Expression of inhibitor of differentiation (ID) gene family is considered to be relevant to the pathogenesis of RA, because ID family genes have been shown to play a role in cell proliferation and angiogenesis and it was proposed that inhibition of expression and/or function of ID1 and 3 may potentially be of therapeutic value for conditions associated with pathological angiogenesis
. A previous study showed increased mRNA and immunohistochemistry staining of ID1 and 3 in the synovium of RA patients
 and interestingly, our data showed strong downregulation of ID1 and 3 by gold ion uptake implicating a mode of action for gold.
In a recent publication Midwood et al. revealed TNC as a novel endogenous activator of TLR4-mediated immunity that mediates persistent synovial inflammation and tissue destruction in arthritic joint disease
. Our array results showed strong downregulation of TNC as a result of gold ion uptake. Numerous recent studies highlight the important role of TNC in RA
[47–49] supporting our hypothesis that a potential anti-inflammatory effect gold is mediated by suppressing TNC production.
Matrix metalloproteinases are known to contribute to the development of RA
. MMP13 has been shown to be associated with synovitis in RA
 and recently, studies of leflunomide and tacrolimus, two active substances in the treatment of RA, were found to be partly active by suppressing expression of MMP13
[52, 53]. This is in line with our findings showing suppression of MMP13 expression by gold.
The anti-TNF-α antibody adalimumab is used in the treatment of RA and beside blocking TNF-α Adalimumab increases CD36 on human macrophages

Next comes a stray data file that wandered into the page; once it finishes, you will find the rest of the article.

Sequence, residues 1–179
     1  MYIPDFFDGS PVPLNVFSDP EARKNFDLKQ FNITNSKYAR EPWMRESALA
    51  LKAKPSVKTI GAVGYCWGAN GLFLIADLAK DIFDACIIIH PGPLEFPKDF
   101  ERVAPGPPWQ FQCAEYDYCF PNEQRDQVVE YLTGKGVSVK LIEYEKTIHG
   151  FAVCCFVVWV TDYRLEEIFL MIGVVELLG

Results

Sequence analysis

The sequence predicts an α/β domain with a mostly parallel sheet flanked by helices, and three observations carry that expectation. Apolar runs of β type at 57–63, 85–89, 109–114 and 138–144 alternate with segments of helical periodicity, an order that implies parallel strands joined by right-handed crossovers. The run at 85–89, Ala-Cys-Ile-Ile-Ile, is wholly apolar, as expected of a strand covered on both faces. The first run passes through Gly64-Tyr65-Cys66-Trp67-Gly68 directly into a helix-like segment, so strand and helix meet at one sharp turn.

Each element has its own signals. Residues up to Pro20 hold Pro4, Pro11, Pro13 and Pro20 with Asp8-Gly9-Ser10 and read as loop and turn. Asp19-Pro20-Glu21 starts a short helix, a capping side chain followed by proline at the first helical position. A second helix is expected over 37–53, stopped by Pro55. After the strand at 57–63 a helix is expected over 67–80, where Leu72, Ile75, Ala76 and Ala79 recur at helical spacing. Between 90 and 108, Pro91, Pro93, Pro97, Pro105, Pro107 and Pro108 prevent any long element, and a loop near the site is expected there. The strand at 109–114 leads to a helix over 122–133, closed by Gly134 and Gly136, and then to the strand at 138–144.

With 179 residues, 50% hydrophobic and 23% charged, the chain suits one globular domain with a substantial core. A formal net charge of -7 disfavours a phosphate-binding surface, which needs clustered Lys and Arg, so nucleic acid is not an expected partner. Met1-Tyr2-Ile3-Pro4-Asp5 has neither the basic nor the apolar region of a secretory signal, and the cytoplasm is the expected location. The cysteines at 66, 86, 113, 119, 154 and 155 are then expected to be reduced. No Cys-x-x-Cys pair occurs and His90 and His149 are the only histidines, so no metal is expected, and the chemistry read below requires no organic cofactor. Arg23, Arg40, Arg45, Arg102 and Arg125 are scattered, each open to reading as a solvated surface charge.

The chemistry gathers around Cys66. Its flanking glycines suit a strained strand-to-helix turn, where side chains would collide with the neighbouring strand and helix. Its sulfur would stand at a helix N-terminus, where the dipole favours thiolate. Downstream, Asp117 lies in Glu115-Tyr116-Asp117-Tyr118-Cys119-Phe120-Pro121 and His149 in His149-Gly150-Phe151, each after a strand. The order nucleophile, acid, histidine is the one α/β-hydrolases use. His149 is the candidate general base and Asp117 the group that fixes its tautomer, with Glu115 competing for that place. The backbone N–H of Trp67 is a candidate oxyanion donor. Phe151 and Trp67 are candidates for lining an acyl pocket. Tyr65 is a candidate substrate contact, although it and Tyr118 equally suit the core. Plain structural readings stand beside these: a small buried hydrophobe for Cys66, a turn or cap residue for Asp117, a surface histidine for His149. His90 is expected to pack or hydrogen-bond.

. Our data revealed upregulation of CD36 in macrophages after gold uptake suggesting a possible anti-inflammatory effect of gold via CD36 upregulation.
The nuclear hormone receptors NR4A1 has been implicated in RA and apoptosis. The purine antimetabolite 6-Mercaptopurine (6-MP), which is widely used as an anti-neoplastic and anti-inflammatory drug, induces NR4A1 expression
. DeSilva et al. showed that NR4A1 overexpression in T cells attenuates the development and progression of collagen-induced arthritis, CIA, probably by promoting activation-induced T cell apoptosis and by inhibiting collagen type II specific antibody production
. Further studies are needed to show whether and how gold induced expression of NR4A1 in macrophages is involved in the anti-inflammatory effect of gold in RA.
Beside macrophages T- and B-lymphocytes play an important role in RA
 and it is of interest to further study the effect of gold ions on the gene expression profile of these cells. A limitation for such studies is that contact hypersensitivity to gold is common. The lymphocyte transformation test (LTT) has been studied in the diagnosis of contact hypersensitivity to gold showing significantly higher stimulation indexes for LTT
[58, 59] in patients sensitized to gold. Therefore patch testing should be performed in future studies on gold including lymphocytes from human donors.